During WW II the US used steel cased .45 ACP and (I believe .30 carbine) as brass was in short supply. I never heard of problems from them. I have reloaded some of the .45 cases several times with good results.

    IMHO there are certain calibers that are designed for or more suitable for steel cases. The two Russian rifle calibers from the last century (7.62 X 54r and 7.62 X 39) have significant body tapers that seems to work better in steel than a 7.62 X 51 (NATO) or 5.56 X 45 case. I think it is a result of the taper allowing the steel case to expand more reliably and seal the chamber off when fired.

    I personally use steel cased ammo in SKS or AK rifles as they were made for it. Is brass ammo better in these rifles? Maybe, I use brass cased reloads in both of these with good results.
     
  12. falseharmonix

    falseharmonix New Member

    1,728
    0
    0
    Lots of useful information, thanks Robo. :D
     
  13. Secondamendment

    Secondamendment New Member

    17
    0
    0
    Steel Bad?

    If steel is so bad and hard on your weapons how do the steel naysayers explain the latest move at HORNADY, Hornadys Steel Match. I wonder what the main stream armament companies are thinking. I feel pretty sure that Hornady has carefully thought thru the hype before unveiling this
    new product.

    nuff said.
     
  14. superc

    superc Member

    782
    7
    18
    I have here in front of me a book written by an obscure company tooting their own horn about how good they were during WWII.

    The book is called 'Bullets by the Billion.' In it this company, Chrysler, speaks of their work with developing steel cartridges for the Army. Chrysler determined that any steel used in the cartridges had to 'spheroidized, aluminum-cleaned, with a .13 to .18 carbon content.'

    The cases were 'double dipped in Kronak' (whatever the heck that is) as a method of corrosion resistant plating.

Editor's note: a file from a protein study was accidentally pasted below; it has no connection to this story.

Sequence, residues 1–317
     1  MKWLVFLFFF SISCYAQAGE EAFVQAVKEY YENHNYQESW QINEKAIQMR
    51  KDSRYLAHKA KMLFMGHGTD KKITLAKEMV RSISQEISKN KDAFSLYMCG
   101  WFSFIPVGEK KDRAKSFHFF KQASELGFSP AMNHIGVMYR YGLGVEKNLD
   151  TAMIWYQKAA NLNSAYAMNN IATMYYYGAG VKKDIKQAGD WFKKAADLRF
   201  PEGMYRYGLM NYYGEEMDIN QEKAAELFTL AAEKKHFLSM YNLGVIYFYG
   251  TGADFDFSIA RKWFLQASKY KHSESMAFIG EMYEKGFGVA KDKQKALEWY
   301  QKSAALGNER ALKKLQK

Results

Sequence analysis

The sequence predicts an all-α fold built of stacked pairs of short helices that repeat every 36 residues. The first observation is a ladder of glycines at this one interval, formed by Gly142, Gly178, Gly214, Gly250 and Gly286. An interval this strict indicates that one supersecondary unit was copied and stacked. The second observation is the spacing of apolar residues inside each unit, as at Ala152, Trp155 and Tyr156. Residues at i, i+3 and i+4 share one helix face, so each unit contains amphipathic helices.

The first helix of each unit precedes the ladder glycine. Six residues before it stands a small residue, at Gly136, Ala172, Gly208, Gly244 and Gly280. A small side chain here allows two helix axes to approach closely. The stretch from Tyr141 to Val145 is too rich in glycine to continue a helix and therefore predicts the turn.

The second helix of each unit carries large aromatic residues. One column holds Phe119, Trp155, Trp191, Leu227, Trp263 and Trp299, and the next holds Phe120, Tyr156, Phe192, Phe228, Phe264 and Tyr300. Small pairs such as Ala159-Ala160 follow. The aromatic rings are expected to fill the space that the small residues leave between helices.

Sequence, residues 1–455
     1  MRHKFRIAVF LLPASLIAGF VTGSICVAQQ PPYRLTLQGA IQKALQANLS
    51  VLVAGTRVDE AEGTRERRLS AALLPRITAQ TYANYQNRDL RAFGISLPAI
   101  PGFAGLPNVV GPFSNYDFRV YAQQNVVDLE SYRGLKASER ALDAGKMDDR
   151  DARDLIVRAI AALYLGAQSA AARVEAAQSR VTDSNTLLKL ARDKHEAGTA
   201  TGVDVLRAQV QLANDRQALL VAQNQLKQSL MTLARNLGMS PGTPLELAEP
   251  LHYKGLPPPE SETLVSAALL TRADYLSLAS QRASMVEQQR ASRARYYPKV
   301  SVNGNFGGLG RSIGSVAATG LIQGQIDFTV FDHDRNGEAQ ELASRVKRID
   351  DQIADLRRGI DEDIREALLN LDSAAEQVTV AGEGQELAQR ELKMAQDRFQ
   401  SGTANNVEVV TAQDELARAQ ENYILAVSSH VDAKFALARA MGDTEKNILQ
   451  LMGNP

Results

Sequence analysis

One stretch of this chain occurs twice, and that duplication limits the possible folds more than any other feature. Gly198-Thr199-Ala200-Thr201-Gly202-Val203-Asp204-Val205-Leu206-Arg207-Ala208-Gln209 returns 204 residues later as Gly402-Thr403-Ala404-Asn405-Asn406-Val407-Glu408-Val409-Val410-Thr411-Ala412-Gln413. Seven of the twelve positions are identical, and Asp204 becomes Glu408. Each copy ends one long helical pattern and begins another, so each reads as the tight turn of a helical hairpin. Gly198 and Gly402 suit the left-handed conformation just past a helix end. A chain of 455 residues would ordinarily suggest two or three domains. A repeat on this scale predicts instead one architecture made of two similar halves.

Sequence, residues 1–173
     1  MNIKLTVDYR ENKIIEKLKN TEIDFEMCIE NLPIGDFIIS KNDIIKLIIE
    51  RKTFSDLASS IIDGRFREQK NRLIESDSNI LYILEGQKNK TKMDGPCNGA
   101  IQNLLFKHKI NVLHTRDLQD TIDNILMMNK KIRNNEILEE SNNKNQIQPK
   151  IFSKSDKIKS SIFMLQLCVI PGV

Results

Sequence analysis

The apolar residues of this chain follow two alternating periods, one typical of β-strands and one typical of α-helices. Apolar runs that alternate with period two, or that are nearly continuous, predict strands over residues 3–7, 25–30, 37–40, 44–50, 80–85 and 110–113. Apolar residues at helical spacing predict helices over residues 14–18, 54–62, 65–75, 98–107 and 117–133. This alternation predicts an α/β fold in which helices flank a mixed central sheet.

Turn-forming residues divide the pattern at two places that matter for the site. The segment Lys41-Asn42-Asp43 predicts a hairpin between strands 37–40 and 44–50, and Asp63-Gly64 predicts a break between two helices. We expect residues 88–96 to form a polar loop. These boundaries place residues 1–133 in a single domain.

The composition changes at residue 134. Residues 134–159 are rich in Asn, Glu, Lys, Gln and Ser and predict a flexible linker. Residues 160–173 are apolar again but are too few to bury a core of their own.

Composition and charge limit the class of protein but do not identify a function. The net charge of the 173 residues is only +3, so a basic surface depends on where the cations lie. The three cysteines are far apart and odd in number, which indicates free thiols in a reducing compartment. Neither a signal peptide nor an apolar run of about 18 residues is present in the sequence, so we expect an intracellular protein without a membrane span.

In .45 acp the steel cartridges did not generate 'adverse reports from the field.'

    The book reports that although there was initial govt. orders to make the steel cases in .30 carbine as well, the project was shelved almost as soon as it began. It seems some of the new M-1 Carbines were jamming with brass ammo, and although design changes to the gun itself were underway to identify and fix the problems (they were) there was already resistance from the field to both the new gun and the concept of steel cases in a rifle. The new gun also required a different type of gunpowder and non-corrosive primers. Ordnance therefore decided to just go ahead and issue the gun with brass cartridge cases and not introduce four new concepts at the same time to the men in the field. Should problems develop with the new gun, then they would know it was the gun, or the new powder/primer combination, not the steel cartridge causing the issues, or reducing end user confidence by muddying the waters as to the source of a gun malfunction. Only a few thousand of the steel cased .30 Carbine ammo had been produced at the time of the decision (probably one of the rarest full boxes a collector could find). It was also agreed that after the new M-1 Carbine and it's new powder and primer had a chance to develop a proven track record, then, if, and only if, future brass shortages or a large spike in production demand required it, then the issue of steel cased M-1 Carbine ammo could be re-opened.